Leverage and Mortgage REITs - Part 4

Leverage and Mortgage REITs - Part 4 PART 1 OF 1

Leverage and Mortgage REITs – Part 4

Leverage and Mortgage REITs &#8211; Part 4

Interested in AGNC? Don't miss the next report.

Receive e-mail alerts for new research on AGNC

Success! You are now receiving e-mail alerts for new research. A temporary password for your new Market Realist account has been sent to your e-mail address.

Success! has been added to your Ticker Alerts.

Success! has been added to your Ticker Alerts. Subscriptions can be managed in your user profile.

Leverage and Mortgage REITs – Part 4

Liquidity risk

Even if borrowers make their payments, jitters in the mortgage backed security market can hit liquidity, making it difficult (if not impossible) for REITs to reduce leverage. REITs are also at the mercy of their bankers, who can pull lines of credit (or simply refuse to renew them).

During the financial crisis, many firms had their borrowing lines of credit pulled and were unable to finance their balance sheet. Unfortunately, they had nowhere to go with their securities. There was literally no one to sell to. Individual investors take for granted the fact that if they try and sell a stock, there is almost always someone willing to buy your stock. The problem with bonds is that there is no exchange to speak of – it is a dealer-driven “upstairs” market. Market makers are under no obligation to purchase bonds if they don’t want to.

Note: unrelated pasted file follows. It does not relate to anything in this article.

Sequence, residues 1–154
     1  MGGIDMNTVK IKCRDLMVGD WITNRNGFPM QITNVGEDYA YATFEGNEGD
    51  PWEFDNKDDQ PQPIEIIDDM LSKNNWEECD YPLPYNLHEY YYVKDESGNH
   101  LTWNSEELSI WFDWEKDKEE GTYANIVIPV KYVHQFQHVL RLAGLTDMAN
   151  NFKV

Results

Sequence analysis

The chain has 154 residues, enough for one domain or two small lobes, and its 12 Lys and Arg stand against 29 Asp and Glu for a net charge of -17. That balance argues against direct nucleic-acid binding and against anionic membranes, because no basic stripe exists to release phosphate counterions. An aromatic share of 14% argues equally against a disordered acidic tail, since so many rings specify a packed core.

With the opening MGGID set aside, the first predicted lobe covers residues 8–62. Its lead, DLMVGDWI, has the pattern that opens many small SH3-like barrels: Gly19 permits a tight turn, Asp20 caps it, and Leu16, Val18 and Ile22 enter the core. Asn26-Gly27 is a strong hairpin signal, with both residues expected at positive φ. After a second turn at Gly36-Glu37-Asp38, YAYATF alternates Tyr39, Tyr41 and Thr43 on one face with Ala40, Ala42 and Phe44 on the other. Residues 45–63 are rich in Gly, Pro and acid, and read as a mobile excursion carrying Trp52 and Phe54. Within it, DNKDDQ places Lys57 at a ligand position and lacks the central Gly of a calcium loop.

The lack of liquidity created enormous problems for regulators and bankers alike. If you buy a mez piece of a sub-prime deal for par and liquidity dries up, where do you mark your position? You know that bond is not worth par. But if it doesn’t trade, you don’t have any price to mark it to. Thus, a “mark-to-model” (aka “mark-to-myth”) was used as a way to come up with some price to put on a particular bond.

Liquidity risk was part of what sunk Orange County back in the early 1990s. Orange County had invested heavily in mortgage backed securities as a way to get excess return from “risk-free” assets. Orange County generally bought agency securities. When Alan Greenspan starting raising interest rates precipitously in 1994, mortgage backed securities were clobbered. Because so many hedge funds that owned mortgage backed securities were getting redeemed, there was a lot of selling pressure on these securities, and dealers were fading their prices in order to prevent themselves from accumulating more and more inventory. Falling prices led to falling prices and eventually Orange County became insolvent. While interest rate risk was enough to sink Orange County, the lack of liquidity was a big contributing factor.


Please select a profession that best describes you: